The Lowman Lunch was nestled on the first floor of the Lowman Building located between 1st and 2nd Avenues on Cherry Street in Seattle's Pioneer Square. Anthony Morovich bought the little 10 stole counter type café in 1933. Because of its location, he had an eclectic group of customers. Lawyers and judges working at the King County Court House, businessmen with offices in the Lowman Building along with their secretaries and stenographers frequented the little restaurant as well as the regular foot traffic customers.
“Ray” as he was known to his customers, was born Ante Antonja-Morović April 25, 1895 on the Island of Zlarin, near the City of Šibenik. He accompanied his father Pere Antonja (after the death of his mother and infant brother in childbirth) to Algiers with a group of Zlarinjani who worked on the Suez Canal, there he got his primary education in French language schools.
As many as 50 of the Zlarin Suez Canal workers then came to Seattle to build the Montlake Cut --- Ray and his father being a part of that group. He joined the United States Army in 1917 and was assigned to the kitchens where he received his training as a cook. For many years after the service, he cooked on Croatian commercial fishing boats and for some unknown reason was nicknamed “Riser”.
Returning to Zlarin in 1931, he married Ane (nee) Branica . Ane and their six month old baby girl, Jenny, immigrated to the United States and the couple settled in the Riverside community of West Seattle. Their son, John was born in 1933.
Besides a being great cook, Ray had an unusual way of doing business. He trusted his fellow man. A newspaper article that appeared in the old Seattle Star circa 1943 reported; He had a nice restaurant, a rush business, but couldn’t keep help due to the manpower and waitress-power shortage”. Pictures show his regular customers cutting their own piece of pie and making change. The headline read: “Help Yourself-Even To Change.” Ray was a patriotic American and during World War II, American service men and “anyone in a uniform” ate free of charge at the Lowman Lunch.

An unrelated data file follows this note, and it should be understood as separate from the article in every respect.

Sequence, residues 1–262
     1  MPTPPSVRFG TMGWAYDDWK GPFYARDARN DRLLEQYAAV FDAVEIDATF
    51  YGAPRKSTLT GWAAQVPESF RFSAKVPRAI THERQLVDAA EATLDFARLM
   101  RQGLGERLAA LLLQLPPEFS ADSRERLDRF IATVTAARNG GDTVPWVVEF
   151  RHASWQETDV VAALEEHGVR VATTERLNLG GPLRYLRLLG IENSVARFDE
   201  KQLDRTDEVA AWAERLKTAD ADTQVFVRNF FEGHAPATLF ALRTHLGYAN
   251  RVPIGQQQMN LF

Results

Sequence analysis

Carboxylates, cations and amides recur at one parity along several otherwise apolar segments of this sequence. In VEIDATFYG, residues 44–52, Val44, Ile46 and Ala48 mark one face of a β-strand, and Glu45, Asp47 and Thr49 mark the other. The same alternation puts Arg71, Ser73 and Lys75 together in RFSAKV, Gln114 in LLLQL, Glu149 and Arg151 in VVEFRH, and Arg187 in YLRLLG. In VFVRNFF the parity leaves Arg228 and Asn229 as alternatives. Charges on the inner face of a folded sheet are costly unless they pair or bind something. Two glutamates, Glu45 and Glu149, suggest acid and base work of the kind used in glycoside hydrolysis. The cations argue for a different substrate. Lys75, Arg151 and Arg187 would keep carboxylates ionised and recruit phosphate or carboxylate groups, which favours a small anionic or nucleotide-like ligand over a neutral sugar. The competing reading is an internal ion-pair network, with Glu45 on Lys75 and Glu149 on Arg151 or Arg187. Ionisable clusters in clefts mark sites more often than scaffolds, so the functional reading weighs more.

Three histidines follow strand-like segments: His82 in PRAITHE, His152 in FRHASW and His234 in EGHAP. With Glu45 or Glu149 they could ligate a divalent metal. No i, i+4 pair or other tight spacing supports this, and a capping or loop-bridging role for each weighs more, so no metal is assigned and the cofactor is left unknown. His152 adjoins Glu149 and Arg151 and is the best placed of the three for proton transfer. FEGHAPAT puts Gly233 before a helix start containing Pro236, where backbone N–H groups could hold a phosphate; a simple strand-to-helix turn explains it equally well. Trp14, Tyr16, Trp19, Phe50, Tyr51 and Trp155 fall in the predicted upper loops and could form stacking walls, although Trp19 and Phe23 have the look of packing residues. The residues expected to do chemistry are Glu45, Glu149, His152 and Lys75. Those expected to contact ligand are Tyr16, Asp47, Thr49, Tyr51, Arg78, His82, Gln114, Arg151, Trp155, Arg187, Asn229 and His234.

Ray loved hunting, camping and sports fishing. He owned a small cabin on the Skagit River which he frequented with his family and friends. In another article that appeared in the Seattle Star newspaper dated June, 1938, a Western Union employee called the paper to report: “There’s a chap named Ray, runs a little restaurant right next to us ….He’s got his windows all bonamied up and a sign on it this morning. It says: “Closed this week. Gone Fishing”.
Today, his children, Jenny Radelich (nee Morovich) and John Morovich, Sr. recall working with their dad at the restaurant. They would ride the bus downtown after school and during summer breaks to wait tables, run errands and make bank deposits. On occasion, John would even find time to torment the Lowman Building elevator operator by taking the elevator up to the top floor and leaving it there, where upon the operator would have to climb several flights of stairs to retrieve it. Being younger, John had a tendency to slip up more than his sister, resulting in sitting in the corner on a sack of potatoes as punishment.
“Every week mom would roast a turkey at home put it in a shopping bag and deliver it to the restaurant on the bus” recalls Jenny. “I can’t imagine that happening today.”
The restaurant was sold in 1947 and has changed hands and names many times over the years. The Cherry Street Cafe occupies the space today.
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